M.O.: You could call Fonda’s ranking here as being sort of representative of all the Lady MacBeth figures of recent film, narrowly edging out Laura Linney in the overrated Mystic River and Rachel Miner in the, uh, less psychological Bully. Fonda’s performance is by far the sneakiest of the three, anyway–she seems the harmless little librarian until she starts taking too much of a vested interest in hubby’s (Bill Paxton) financial affairs. Her machinations (including her big monologue, linked to above, which somehow failed to net her an Oscar nomination) end up leading to the death of just about everyone in the movie, but her only emotional outpouring comes in the final scene of Paxton burning his dirty money. If NO MA’AM ever held a film festival to show why housewives should never be allowed out of the kitchen, this’d have to make the bill.

Sympathetic Reading: I suppose when you’re married to Bill Paxton, someone in the relationship has to take charge.

#62.


Agents Big Johnson and Little Johnson, Die Hard

Played By: Robert Davi and Grand L. Bush

M.O. The ultimate “Not Anymore You’re Not!” villains–the unwanted higher-ups brought in to handle a delicate situation by pouring gas on it and then shooting it with a bazooka. Federal Agents Johnson and Johnson perfectly exemplify incompetent upper management, fucking things up for John McClane as much as possible and even coming close to shooting a couple times, all while playing perfectly into the hands of the two-steps-ahead Hans Gruber (“You ask for miracles, Theo, I give you the F…B…I…!”) Driving headfirst into stupid decisions for no particular reason (“Hey–lose the grid, or you lose your job!”), they even make Paul Gleason–the second-biggest stock authoritative asshole of the 1980s–look like one of the good guys. Wow.

Classic Villain Exchange:

Big Johnson (Shooting at Terrorists/Hostages): “HA HA HA!! Just like fucking Saigon, eh Slick??!?!”
Little Johnson (Chuckling): “I was in Junior High, dickhead.

#61.


Taylor Vaughan, She’s All That

Played By: Jodi Lyn O’Keefe

M.O.: I don’t remember Taylor Vaughan’s character having an equivalent in My Fair Lady or Pygmalion, but I guess that explains why She’s All That won so many more Oscars than either of those movies. The character of Taylor is hardly a unique one, but bravo to Jodi Lyn O’Keefe for really sinking her teeth into the role, as if she knew that a decade later, I’d have to google her name three times to write this article because I kept assuming she was someone more famous. She exudes bitchiness out of every pore, looking just hott and just psychotic enough to be a shoo-in for Prom Queen while secretly being despised from every corner of the cafeteria. Watch her just destroy Rachel Leigh Cook at the climactic party scene–“Honey, look around you. To everyone here who matters, you’re vapor, you’re spam, a waste of perfectly good yearbook space, and nothing’s ever gonna change that. Oh…you’re gonna cry, aren’t you??” I don’t know if any of the mega-popular girls at my high school were quite as vicious as Taylor (I also don’t know if we had an R&B megastar acting as our official school DJ, or if we had synchronized dance sequences at our senior prom), but I think I’d be kind of disappointed if they weren’t.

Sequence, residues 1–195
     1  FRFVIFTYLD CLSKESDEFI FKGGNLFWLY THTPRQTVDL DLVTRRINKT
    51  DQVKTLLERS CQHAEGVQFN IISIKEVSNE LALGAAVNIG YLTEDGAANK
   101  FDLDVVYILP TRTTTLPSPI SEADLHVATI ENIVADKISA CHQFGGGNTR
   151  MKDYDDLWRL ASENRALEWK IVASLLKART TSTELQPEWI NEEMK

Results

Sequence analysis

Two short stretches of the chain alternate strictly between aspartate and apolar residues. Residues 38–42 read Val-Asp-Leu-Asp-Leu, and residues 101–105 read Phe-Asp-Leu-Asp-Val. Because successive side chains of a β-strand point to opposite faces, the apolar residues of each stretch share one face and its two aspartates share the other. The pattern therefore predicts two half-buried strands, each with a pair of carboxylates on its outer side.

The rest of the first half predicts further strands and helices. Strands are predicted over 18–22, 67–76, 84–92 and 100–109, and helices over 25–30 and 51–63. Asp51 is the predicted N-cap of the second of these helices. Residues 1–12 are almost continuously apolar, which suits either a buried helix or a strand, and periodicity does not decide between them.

Not Without Precedent: Bennie in Pretty in Pink had a similarly unchecked mean streak, and even sort of looked like Jodi Lyn. Too bad she had to contend with James Spader.

Posted in 100 Years 66 Villains | 6 Comments »

GDB Essentials: 100 Years, 66 Villains

Posted by Andrew Unterberger on April 20, 2008

Here we go again

So, some of you more observant IITS readers may have noticed that I have long since aborted my 100 Years, 100 Songs project that I started back in February of 2007, getting as far as #78 (Blondie’s “Rapture”) before giving it up. The reasons for this were several, but the most important one was that all in all, it was a boring list. I thought I could write about relatively unwritten-about songs, or at least write about old hat songs in a new way, but ultimately, everyone knows why GnR’s “Welcome to the Jungle” is awesome, and there were too many songs I would’ve had to write about that were like that for me to see the list out to the finish. You just can’t write about a topic that broad and have it remain interesting to both read and write about.